KEN’s Ugada Be Kid’n Me BLOG

“The Secret life of Cows”

5–17–21. When I was a a kid, my family used to drive from Houston to Omaha and back about once a year in the summer. Dad drove, and at least once during each trip, Dad would point to cows near the road and say, “Those are some of my relatives by marriage.” Mom smirked and for some reason my sister and I laughed, though I really wan’t sure what was funny.

Fast forward 30 years. For some strange reason, I like to stop and talk to cows standing near country road fences. They’re good listeners and they appear to ponder what you say. Besides that, their responses are pretty limited. The basic sound a cow makes is moo, but never at you. This sound is officially called lowing, which comes from a word that means ‘to shout,’ but you’ll probably never hear it called that in real life. If they are distressed, in other words they have lost their calf or are separated from their calf, it’s a much higher pitched moo called bleating. However, the moo and the bleat are unique between mother and calf.

“We’re Listening.”

Beyond that, they don’t really talk, which explains to me why they never respond to my humble and certainly erudite calls for a response. They just have nothing to say to humans.

There are basically 3–4 different colors in cattle. Those being black, red, and brownish red to reddish black. Variations within these colors can vary widely, and a herd can seem to have an endless variety of colors. Part of the reason for this is cross-breeding, which can strengthen the traits from each breed. With about 20 different kinds of cattle worldwide, even though many never cross-breed, what we see across many farms is a virtually infinite variety of colors and kinds. (If you are familiar with cattle farming, please keep contrary facts to yourself.)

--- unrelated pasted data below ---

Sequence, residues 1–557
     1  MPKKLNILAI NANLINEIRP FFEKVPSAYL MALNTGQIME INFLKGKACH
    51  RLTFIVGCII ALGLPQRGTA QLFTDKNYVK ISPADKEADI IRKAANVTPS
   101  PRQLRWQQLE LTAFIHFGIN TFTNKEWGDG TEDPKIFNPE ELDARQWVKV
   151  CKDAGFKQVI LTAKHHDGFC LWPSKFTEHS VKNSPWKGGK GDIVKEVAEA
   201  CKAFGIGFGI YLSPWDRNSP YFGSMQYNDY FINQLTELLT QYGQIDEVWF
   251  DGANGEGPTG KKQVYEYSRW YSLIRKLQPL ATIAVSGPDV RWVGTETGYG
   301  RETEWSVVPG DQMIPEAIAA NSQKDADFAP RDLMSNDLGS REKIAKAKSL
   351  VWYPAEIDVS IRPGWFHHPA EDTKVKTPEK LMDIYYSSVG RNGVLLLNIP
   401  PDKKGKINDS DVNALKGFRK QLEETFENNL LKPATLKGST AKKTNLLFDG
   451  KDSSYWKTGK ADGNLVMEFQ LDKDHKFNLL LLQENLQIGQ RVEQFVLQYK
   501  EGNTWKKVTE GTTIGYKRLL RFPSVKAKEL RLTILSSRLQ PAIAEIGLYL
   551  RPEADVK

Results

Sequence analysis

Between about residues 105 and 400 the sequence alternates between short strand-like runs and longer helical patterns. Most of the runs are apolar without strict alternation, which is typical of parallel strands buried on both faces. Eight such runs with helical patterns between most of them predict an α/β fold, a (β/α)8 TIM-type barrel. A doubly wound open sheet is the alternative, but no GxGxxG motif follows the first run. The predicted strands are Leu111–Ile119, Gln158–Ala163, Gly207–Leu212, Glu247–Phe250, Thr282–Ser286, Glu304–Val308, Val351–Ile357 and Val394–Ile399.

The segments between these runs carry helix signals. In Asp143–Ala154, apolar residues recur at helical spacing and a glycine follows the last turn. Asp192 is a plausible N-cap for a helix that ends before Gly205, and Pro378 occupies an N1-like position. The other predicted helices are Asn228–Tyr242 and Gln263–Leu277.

So, as living things go, perhaps they could be an advanced species. They seem to get along with other cows well, regardless of color and national origin. While they cannot see red, they can see yellow, green, blue, and violet colors, so they do see the herd (except maybe red cows) and remain calm. They seem happy to graze on grass all day, take long walks, nap in the shade, and come home on time. Some of them like to be milked, with just a little squeamishness around that machine. Those who go off to slaughter for meat, only complain a little before being stunned and well, you know.

Cattle are considered sacred in world religions such as Hinduism, Jainism, Buddhism, and others. Cattle played other major roles in many religions, including those of ancient Egypt, ancient Greece, ancient Israel, ancient Rome, and ancient Germany. In fact, they have been considered special for many millennia.

So, when you think of me talking to cows, don’t laugh. I’m just trying to learn from these sacred creatures. Things like:

  • Listening — They never interrupt you.
  • Detachment — Clearly the look on their face makes it seem like they just don’t care.
  • Emotional Control — Ever seen a cow get mad?
  • Fully Chewing Food — It takes them forever to get the grass all the way into their mouth.
  • Peaceful Coexistence — Cows just seem to go along with the herd.
  • Udder Bliss — It’s almost like they feel fulfilled by giving of themselves.

Who knew so much could be learned from cows.

Ken Mann

Cow Talker

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